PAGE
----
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Is your website working for you: a checklist

If it’s been a while since you’ve had qualified enquiries on your site, then it could be time for a review. Follow the checklist below to work out if it’s time your website was updated.

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Your website is one of your most valuable marketing tools. But if it’s been a while since you’ve had good quality enquiries through your website, then it’s time for an urgent review. 

Why is your website so valuable? As the digital home of your business, your website is at the centre of all your marketing activity. It’s the first place many of your customers will discover you. It’s also the place where many of those customers will try to contact you or directly buy from you. Your website plays a pivotal role in persuading your customers to take that action too – from the professionalism of the design to the trustworthiness of the content on each page. That’s why having a functional website is so important. Building and running a website is a huge investment, so you’ll know you’ve got a problem if it’s costing more to run than it’s making in return.

Why isn’t your website working? There are a huge number of reasons you might not be getting the sales or enquiries you expect from your current website, from poor design and slow page load speed to a bad experience on mobile. Worse still, your website could have broken elements – like a contact form that’s stopped accepting enquiries or links to pages that no longer exist.

Our checklist will help you decide what changes you need to make to your website from a design, audience and technical perspective. Here are some more thoughts to consider: 


Your website should always represent your brand, as this showcases your professionalism and builds trust with your customers. 

Try not to focus too much on what you or your colleagues like or dislike. Instead, your design should reflect how you want to present your brand to your audience, thinking carefully about how your design changes will impact your user’s experience. Likewise, you don’t want ad-hoc changes without thinking about the site as a whole – so don’t insert elements of your new brand into an old theme, for example. Ideally, websites should continuously evolve as you receive insights and feedback from your customers, but remember to think about the cost of these changes you’re making against the value you expect them to return.

Audience & action

The marketing activities taking place away from your website, like organic or paid search engine campaigns and social media campaigns, are largely responsible for bringing in the right audiences to your website. So before you start making changes to your website, it’s wise to investigate whether these activities are still relevant to your marketing goals and strategy.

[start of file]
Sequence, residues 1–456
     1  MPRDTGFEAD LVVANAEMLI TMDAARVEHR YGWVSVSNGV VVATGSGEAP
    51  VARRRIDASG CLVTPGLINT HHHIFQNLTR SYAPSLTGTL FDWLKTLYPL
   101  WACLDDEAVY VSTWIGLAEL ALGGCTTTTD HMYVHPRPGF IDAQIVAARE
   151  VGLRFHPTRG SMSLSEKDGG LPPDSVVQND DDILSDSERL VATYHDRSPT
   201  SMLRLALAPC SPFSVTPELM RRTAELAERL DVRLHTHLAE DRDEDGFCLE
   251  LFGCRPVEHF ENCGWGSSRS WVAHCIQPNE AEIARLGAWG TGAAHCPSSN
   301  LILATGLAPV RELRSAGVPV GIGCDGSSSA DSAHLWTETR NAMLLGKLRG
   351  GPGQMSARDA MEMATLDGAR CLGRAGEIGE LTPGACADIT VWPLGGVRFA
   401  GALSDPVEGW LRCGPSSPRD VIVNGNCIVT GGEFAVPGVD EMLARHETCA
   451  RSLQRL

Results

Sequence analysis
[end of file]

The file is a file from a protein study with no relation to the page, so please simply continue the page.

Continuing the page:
However, if potential clients are visiting your website but aren’t converting into a lead, they may be confused, can’t find what they’re looking for, or are switched off by vague and unhelpful calls to action.

So, when making website updates to improve your relevance and conversion rates, you’ll want to firstly get an understanding of who’s visiting your website – and why. Knowing this will help you plan how to modify content across your site to better get your message across, rather than making one-off, ad-hoc changes in the hope that any problems will be solved. 

One way to do this is to add tracking functionality (such as Google Tag Manager tags) to every ‘Call To Action’ button to make sure you understand where users are interacting or leaving the website. Continually monitor the changes you decide to make from these insights, to gauge what effect each has had.


Technical difficulties are often the strongest reasons why your website isn’t performing well. They’re also usually the issues that are left at the bottom of many businesses to-do lists, as they rely on other marketing to bring in leads. However, when they’re not corrected, they can have the biggest effect on your brand reputation too, not to mention negatively impacting the discoverability of your website from search engines. 

Ensure the ongoing health of your site by regularly monitoring and improving your performance. When doing this, don’t just rely on your view of your website. Use tools available to you to help you review domain issues, on-page errors, and page speed problems, like Google Search Console and Google PageSpeed Insights. Most importantly, if you’re not sure what to do, don’t try to fix everything yourself. Instead, get an expert to fix significant issues, and explain how to resolve simpler ones. 

More help

Remember, whatever changes you decide to make to your website, they should be measurable and strategic. Every change should relate to at least one of your marketing goals and should be trackable, so you can assess its impact immediately and over time. 

Base Creative specialises in creating and optimising websites, whether it’s a simple change or a complete redesign. We’ll evaluate the challenges your business is facing, where your website performance is lacking and recommend the options that will have the most significant effect.

If your website is no longer doing its job, email me at [email protected].

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